Sunday was beautiful and clear. I was up at 5:30 a.m. and didn’t need an alarm. Excited and nervous but feeling at least mentally confident I went for a walk around the West End to try to settle my mind and stomach before a casual jog down to the Canada Line to catch the Skytrain up to Queen Elizabeth Park. The start was a blur. At 5 km I was just under my pace and by 9 km that had grown to 2 minutes. I felt good. I’d trained for that 9 – 11 km hill. At 21 km I was still under pace and feeling fine. That 1 km stretch of hill from Spanish Banks up to West 4th is cruel and unnecessary. Bastards! At 29 km just coming up onto Burrard Bridge the 3:30 pacer caught me. The bridge got awfully crowded and my elbow connected at least once with someone trying to pass on the right. Accident I swear. As I passed the West End around 32 Stephanie was there with a home-made sign. I needed that because I was starting to fade. I knew I wanted to get to 36 km by 3 hours. As I rounded Prospect Point I checked my watch: 3:00:48. I was starting to hurt and had just crossed into the farthest I’ve ever ran. But I’ve ran this route I don’t know how many times. That helped a lot. The last 6 km was all in my head and my head was a lot of back and forth between “you can walk it’s fine” and “fuck you”. If Strava and my iPhone are to be believed, I somehow managed my last kilometre at 5:05. Stephanie was there waiting for me as I crossed the line for a chip time of 3:34:41.

I’m reflecting on the experience now, as I have been for the past 36 hours or so. I expected to be more emotional at the finish line. Or maybe differently emotional. I was pretty euphoric and very lightheaded. The one thing that’s really bothered me in these hours since crossing that finish line is that for all the book launches and art openings and readings and events that I’ve supported not one of my friends came out to support me. Except my love, best friend (and coach whether I wanted coaching or not) who was there when I needed her and was there at the finish line.


Final thoughts. It’s the economy, stupid. I have trouble trusting devices. I turned on my Garmin watch and my Strava iPhone app at the same time. Garmin recorded 42.8 km and Strava 43.2 km. So that’s annoying. The times, however, are both pretty close to the finish line clock (I was a bit preoccupied and initially forgot to turn them off), which means that over the course of a 42.2 kilometre course I ran an extra 500 to 1,000 metres by not choosing the most economical line. That’s a lot. I wanted to run 3:29:00 and I really don’t have any particular reason why I chose that time except that it seemed like a good number. I also wanted to run an average 5:00/km pace. If you’re even okay at math you know those don’t work out, especially with the economy issue I just mentioned. Strava says I ran 4:59/km for a marathon +1. Yeah I don’t trust it, but I’ll take it. I wrote earlier about my taper and I really don’t know about it. I don’t think I ran enough the week of the race but I have nothing to compare it too since this was my first time running an effing marathon. I ran a marathon. Forty-two kilometres for my 42nd year alive. I still think that’s crazy.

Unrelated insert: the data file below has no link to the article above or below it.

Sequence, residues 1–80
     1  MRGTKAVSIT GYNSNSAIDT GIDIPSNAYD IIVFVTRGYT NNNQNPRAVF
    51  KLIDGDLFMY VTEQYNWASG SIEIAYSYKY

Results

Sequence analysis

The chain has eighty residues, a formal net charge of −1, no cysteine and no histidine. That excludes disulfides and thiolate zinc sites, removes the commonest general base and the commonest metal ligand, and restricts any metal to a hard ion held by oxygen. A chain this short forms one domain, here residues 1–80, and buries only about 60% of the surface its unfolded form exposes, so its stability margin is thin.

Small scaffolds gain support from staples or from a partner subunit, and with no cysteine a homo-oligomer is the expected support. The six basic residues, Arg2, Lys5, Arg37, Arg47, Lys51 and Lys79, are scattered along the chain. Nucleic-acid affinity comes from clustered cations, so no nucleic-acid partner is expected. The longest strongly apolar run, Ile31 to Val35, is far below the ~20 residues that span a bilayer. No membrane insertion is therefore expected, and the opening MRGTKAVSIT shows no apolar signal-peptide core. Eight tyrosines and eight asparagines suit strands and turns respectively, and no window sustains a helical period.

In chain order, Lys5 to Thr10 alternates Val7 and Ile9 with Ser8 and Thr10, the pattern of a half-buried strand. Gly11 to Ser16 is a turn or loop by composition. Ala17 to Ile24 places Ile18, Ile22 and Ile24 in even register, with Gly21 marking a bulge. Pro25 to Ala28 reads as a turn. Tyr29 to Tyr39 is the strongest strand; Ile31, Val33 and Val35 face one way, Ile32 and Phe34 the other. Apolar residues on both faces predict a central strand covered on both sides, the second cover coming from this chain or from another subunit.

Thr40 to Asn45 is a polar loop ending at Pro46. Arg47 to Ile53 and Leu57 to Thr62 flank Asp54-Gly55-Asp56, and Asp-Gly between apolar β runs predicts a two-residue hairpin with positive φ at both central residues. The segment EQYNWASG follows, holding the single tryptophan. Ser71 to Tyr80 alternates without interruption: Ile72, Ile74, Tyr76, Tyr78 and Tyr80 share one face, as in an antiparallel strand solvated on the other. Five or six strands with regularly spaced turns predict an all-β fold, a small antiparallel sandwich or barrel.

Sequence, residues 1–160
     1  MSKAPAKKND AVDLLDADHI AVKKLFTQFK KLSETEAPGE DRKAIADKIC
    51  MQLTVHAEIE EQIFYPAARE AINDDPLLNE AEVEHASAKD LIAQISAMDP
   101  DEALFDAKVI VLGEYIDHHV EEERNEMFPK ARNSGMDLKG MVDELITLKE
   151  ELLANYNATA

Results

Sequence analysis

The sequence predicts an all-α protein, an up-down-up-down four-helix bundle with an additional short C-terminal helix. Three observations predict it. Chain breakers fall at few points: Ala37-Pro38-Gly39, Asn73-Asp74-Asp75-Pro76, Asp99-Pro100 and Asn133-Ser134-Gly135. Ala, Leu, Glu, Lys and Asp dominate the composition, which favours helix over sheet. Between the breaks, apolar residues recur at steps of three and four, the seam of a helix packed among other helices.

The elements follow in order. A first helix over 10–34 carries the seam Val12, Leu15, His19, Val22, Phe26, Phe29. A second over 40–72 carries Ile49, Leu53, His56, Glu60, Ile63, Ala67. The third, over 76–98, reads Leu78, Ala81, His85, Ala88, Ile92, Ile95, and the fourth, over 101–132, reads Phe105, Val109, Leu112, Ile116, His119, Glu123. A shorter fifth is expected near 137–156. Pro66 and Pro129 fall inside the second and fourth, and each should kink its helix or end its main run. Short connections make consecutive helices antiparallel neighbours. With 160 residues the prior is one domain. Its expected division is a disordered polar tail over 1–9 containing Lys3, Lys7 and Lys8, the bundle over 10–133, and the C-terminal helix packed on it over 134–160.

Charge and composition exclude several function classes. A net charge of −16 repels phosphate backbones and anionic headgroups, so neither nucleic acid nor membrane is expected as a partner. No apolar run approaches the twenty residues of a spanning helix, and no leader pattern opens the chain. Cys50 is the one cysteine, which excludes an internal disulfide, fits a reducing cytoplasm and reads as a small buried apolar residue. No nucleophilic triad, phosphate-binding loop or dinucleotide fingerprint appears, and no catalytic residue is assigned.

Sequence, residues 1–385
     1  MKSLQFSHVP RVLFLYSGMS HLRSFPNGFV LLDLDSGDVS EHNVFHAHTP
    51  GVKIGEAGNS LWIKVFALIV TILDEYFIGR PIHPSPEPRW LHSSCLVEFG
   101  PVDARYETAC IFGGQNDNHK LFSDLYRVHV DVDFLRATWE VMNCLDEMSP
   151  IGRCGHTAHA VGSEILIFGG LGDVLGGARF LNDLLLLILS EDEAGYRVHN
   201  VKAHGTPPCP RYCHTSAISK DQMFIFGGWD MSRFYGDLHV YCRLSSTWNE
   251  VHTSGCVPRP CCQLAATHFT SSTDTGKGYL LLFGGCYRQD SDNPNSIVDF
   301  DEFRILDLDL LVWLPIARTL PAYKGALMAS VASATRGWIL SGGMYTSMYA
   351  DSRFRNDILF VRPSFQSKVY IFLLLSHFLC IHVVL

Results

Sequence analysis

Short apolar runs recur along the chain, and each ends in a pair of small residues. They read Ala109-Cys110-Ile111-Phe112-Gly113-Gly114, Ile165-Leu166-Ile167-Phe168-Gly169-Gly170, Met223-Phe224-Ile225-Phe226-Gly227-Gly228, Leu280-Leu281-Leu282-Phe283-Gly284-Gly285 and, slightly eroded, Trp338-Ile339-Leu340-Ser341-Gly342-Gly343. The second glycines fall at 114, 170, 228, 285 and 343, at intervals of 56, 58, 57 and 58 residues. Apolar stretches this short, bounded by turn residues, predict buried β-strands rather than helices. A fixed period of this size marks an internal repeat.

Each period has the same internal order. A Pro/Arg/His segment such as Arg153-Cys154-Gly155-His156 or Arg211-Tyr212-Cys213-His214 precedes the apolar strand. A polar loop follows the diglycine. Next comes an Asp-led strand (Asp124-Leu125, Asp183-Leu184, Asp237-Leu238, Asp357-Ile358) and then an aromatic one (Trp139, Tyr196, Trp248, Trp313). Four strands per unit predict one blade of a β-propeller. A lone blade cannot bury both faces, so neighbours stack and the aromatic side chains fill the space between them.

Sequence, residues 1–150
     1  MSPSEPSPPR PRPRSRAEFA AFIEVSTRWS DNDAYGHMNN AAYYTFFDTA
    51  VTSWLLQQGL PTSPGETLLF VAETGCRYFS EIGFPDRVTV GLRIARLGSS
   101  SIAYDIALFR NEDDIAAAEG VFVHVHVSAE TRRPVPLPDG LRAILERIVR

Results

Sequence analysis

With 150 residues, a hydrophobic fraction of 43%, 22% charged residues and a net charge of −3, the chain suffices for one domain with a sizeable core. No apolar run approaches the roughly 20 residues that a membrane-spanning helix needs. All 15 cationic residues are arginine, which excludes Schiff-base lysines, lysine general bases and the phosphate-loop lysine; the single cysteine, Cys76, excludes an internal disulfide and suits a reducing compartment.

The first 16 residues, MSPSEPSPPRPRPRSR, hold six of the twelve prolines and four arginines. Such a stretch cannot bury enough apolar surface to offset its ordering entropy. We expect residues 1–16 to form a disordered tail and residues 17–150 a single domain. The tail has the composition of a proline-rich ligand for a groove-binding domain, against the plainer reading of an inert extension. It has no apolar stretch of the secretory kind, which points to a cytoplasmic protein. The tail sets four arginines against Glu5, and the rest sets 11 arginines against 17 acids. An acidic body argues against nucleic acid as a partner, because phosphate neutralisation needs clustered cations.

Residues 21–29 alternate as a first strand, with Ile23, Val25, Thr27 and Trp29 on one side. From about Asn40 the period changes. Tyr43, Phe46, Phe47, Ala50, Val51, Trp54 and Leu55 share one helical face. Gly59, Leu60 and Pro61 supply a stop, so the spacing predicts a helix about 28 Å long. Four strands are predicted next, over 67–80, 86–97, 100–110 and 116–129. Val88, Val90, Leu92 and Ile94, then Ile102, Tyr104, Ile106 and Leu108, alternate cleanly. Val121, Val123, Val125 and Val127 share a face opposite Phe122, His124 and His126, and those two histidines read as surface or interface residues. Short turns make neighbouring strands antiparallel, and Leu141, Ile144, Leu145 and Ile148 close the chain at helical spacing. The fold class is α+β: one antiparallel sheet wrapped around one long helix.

In February of this year, when I was chasing Sasquatch in the snow around Harrison Hot Springs still feeling sorry for myself for the First Half getting canceled due to weather, I was still saying  that I couldn’t imagine ever being interested in running a marathon, and sitting here typing this I can’t imagine never running another one. I’m thinking of a BQ for BMO 2018. It could happen.